Articles

MAKE WAY FOR THE ONE-EYED MONSTER

A Radio-Age Man from the Canadian Wastes finds the shape of things to come in the Cyclops eye of New York’s telescreens

PIERRE BERTON June 1 1949
Articles

MAKE WAY FOR THE ONE-EYED MONSTER

A Radio-Age Man from the Canadian Wastes finds the shape of things to come in the Cyclops eye of New York’s telescreens

PIERRE BERTON June 1 1949

MAKE WAY FOR THE ONE-EYED MONSTER

Articles

By PIERRE BERTON

THE City of New York has always presented hazards to the visiting Canadian, but until last week I, for one, had never encountered any serious language barrier. It is now, however, necessary to warn the traveler who wanders into the tall jungle of Manhattan that he will almost certainly be faced with the sort of conversational gambit that was tossed at me during a small house party a few days ago.

"Say, Jack, ’ said a man across the room. "Did you catch Channel Nine last night?”

There was a general knowing giggle which left me blank.

Finally a friend came to my rescue by explaining that I was from the Canadian back country, had no knowledge of television, and therefore couldn’t know that a group of college students were experimenting in a clandestine fashion with this particular FV channel. F hey had, my friends solemnly

declared, been showing naughty and illicit Mexicanmade movies to the delight of most of the television addicts in the New York area.

As there are more than half a million sets in greater New York, these addicts number well over two millions. If a New Yorker isn’t an addict he has a friend who is. The chances are that the friend spends most of his time hanging around the addict ’s house.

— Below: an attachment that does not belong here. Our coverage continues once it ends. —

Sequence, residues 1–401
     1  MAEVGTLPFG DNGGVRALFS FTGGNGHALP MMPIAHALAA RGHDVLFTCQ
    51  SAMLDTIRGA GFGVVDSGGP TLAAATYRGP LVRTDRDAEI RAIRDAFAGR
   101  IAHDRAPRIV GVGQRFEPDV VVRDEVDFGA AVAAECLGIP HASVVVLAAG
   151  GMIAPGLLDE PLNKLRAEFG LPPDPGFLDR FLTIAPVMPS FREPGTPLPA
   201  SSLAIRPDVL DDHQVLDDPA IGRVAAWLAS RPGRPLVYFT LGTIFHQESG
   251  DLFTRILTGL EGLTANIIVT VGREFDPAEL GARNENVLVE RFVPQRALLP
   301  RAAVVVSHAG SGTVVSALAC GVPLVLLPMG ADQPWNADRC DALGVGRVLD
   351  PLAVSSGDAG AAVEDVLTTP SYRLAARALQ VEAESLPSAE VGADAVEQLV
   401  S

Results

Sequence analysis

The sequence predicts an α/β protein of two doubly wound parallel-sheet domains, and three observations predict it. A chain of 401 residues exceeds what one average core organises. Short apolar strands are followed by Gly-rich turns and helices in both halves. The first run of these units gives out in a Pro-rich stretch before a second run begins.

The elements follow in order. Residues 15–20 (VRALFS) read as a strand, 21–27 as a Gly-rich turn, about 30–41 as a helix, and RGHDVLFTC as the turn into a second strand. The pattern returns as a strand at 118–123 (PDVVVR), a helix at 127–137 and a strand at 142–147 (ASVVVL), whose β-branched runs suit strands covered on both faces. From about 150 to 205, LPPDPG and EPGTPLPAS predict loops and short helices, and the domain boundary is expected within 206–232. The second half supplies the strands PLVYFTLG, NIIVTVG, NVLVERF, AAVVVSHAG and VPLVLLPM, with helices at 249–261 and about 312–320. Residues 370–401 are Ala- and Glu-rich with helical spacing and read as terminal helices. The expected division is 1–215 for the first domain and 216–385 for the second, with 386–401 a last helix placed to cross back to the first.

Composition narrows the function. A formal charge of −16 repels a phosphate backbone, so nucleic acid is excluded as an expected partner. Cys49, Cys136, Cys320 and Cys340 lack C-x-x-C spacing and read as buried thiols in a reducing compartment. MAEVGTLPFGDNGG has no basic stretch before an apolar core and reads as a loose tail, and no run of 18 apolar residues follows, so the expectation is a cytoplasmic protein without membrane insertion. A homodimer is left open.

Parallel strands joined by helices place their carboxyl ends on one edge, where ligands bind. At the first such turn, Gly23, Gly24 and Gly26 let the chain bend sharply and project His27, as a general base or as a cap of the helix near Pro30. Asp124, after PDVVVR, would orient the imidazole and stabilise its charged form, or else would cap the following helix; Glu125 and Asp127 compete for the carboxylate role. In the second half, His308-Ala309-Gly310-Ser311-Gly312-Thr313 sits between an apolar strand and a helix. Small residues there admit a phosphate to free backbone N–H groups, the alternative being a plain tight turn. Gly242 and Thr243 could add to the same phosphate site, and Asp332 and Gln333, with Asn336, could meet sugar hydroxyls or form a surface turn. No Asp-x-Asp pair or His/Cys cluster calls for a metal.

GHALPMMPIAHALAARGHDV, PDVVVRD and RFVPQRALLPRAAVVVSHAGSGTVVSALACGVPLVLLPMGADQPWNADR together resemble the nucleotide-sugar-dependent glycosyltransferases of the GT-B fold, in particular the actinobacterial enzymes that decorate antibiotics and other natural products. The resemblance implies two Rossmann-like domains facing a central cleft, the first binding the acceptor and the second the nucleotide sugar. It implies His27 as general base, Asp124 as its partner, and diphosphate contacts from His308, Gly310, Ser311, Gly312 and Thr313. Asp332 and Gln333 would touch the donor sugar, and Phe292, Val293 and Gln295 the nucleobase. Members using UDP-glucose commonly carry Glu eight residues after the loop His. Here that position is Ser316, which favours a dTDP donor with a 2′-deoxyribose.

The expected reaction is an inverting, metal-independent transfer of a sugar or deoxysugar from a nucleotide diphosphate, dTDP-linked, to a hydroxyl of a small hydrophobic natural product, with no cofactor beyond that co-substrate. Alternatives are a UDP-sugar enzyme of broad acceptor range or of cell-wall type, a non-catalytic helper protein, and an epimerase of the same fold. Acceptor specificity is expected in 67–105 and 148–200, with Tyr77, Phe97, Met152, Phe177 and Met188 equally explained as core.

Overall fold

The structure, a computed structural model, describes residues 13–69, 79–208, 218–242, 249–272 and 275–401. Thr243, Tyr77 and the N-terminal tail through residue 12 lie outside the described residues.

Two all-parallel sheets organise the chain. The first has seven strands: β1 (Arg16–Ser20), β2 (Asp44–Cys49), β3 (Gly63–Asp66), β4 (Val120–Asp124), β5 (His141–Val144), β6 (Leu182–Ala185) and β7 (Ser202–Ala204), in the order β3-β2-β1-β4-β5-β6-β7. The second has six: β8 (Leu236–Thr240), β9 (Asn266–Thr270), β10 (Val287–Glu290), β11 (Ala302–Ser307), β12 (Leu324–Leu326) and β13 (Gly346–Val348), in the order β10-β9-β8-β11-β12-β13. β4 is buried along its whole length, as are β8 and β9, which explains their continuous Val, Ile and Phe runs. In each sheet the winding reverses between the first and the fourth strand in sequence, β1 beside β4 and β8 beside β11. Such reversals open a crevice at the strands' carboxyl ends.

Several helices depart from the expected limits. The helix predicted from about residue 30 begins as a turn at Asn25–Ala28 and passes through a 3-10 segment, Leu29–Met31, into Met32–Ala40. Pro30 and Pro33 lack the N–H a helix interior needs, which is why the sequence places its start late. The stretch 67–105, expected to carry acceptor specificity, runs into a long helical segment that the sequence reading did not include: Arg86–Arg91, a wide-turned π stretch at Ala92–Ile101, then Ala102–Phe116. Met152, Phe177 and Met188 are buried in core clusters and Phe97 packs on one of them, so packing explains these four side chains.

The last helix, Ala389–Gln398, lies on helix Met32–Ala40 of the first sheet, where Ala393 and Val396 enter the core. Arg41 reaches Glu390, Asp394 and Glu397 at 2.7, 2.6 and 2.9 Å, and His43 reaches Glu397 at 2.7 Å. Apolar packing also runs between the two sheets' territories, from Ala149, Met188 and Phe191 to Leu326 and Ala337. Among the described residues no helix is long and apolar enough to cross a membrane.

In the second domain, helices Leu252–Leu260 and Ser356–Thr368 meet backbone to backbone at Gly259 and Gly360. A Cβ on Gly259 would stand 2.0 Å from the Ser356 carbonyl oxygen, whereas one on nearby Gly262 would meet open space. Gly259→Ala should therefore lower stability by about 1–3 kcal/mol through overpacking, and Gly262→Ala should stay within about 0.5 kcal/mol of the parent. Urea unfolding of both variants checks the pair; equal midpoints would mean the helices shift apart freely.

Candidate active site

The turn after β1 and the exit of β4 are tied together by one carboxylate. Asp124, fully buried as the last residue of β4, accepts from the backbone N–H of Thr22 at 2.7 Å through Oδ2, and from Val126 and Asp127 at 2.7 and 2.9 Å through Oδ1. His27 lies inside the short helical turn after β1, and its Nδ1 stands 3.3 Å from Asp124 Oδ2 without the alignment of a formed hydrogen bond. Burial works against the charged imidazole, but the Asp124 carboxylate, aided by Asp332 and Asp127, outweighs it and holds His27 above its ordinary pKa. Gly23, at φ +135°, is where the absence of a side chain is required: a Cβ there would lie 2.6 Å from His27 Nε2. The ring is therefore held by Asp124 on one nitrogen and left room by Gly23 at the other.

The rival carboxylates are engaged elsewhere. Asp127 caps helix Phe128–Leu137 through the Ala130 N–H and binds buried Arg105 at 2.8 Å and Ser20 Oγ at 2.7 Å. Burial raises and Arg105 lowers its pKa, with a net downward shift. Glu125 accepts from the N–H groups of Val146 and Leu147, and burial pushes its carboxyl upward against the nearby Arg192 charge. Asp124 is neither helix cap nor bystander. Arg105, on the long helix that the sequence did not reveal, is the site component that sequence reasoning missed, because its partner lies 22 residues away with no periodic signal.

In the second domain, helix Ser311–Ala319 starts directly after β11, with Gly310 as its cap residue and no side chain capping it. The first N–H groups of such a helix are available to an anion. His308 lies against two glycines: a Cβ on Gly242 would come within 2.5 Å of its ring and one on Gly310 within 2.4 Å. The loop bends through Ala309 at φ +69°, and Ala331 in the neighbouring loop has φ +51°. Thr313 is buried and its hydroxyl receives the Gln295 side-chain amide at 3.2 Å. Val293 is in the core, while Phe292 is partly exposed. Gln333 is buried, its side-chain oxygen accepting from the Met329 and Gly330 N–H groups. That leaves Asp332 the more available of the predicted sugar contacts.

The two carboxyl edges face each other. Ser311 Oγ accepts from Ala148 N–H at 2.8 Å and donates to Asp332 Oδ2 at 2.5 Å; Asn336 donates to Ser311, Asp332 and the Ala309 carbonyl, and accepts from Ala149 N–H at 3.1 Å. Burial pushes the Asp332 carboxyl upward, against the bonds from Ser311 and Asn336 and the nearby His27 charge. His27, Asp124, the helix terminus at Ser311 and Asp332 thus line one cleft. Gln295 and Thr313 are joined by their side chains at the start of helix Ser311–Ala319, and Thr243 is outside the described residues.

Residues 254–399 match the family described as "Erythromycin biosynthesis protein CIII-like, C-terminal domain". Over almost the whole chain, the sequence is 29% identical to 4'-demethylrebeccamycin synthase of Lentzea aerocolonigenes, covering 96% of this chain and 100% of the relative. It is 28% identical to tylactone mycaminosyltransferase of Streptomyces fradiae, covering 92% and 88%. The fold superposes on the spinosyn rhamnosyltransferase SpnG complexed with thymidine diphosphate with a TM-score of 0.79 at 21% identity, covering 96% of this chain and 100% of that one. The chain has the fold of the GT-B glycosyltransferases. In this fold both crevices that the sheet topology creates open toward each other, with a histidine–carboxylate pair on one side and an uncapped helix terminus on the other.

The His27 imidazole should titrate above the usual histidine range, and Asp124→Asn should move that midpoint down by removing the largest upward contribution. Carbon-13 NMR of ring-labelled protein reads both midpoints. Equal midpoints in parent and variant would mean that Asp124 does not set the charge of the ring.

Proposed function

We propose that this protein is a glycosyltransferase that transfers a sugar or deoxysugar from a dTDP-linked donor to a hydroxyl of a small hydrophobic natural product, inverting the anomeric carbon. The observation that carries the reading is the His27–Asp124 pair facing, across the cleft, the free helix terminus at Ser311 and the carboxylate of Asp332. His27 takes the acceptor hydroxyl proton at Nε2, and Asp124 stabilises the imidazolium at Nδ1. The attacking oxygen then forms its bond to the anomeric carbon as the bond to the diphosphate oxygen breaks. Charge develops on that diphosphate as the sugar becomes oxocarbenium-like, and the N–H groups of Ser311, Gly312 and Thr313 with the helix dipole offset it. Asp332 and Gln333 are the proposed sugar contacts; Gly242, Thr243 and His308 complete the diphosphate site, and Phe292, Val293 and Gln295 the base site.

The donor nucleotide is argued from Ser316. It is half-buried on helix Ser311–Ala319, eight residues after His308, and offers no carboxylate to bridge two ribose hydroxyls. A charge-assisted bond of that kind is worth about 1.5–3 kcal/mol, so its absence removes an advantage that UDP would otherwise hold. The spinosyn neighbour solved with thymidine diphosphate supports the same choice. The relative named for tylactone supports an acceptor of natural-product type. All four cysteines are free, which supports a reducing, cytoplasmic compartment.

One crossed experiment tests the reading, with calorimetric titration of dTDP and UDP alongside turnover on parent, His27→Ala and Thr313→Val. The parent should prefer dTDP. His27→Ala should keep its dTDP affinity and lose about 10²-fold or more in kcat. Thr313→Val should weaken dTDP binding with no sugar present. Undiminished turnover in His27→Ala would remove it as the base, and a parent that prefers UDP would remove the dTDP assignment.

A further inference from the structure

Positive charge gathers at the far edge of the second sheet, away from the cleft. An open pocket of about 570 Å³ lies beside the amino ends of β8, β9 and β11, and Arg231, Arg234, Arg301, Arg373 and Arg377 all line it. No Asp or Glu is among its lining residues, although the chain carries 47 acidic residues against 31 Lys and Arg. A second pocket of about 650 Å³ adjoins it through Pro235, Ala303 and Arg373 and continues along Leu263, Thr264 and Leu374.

Men and women who have spent years fruit lessly Luxing their undies nightly, or reading Dale Carnegie until they can recite him backward without winning a solitary friend or influencing a child of five, have suddenly found themselves

being treated like Harry Truman the day after the election simply because they have acquired a TV set. "In the old days,” one of this happy breed confided to me, "we never used to see anybody. Now we have a wide and influential circle of friends.”

We may soon expect this sort of thing in Canada, now that the CBC has announced its own TV plans. Within 18 months the Joneses next door may have their first receiver. When this happens the things that are going on in New York will become part of the Canadian social pattern.

New York is history’s first TV town. At the moment it has the greatest number of televiewers per square rod, and is the only area in the world where you can choose between five separate programs from five separate stations (six if you count Channel Nine).

In this teleconscious town, where the natives speak glibly of "similcasts” and pugilists wear specially striped telepants for clearer reproduction on the cathode tube, the visiting fireman inescapably finds himself, like a Wells time traveler, viewing with some awe the picture of our future society.

The terms "mores” and "folkways” crop up whenever TV is discussed. "Television will undoubtedly have a profound effect on our social mores,” five or six New York televeterans told me. Already the effect is being felt.

A man I know who owns a set swears that he has known a man intimately for a year without once

seeing his face. "He comes into our room in the dark, sits down in front of the set, stares at it until the show is finished, gets up and puts his hat on and leaves before we get the lights on again,” he told me.

A friend of mine in Manhattan, who is trying in his own puerile way to stem the wave, refuses to buy a receiver. "This monster will devour us all unless we resist it,” he told me seriously. "I refuse to have my life dominated by a 10-inch picture, blurred at the edges.”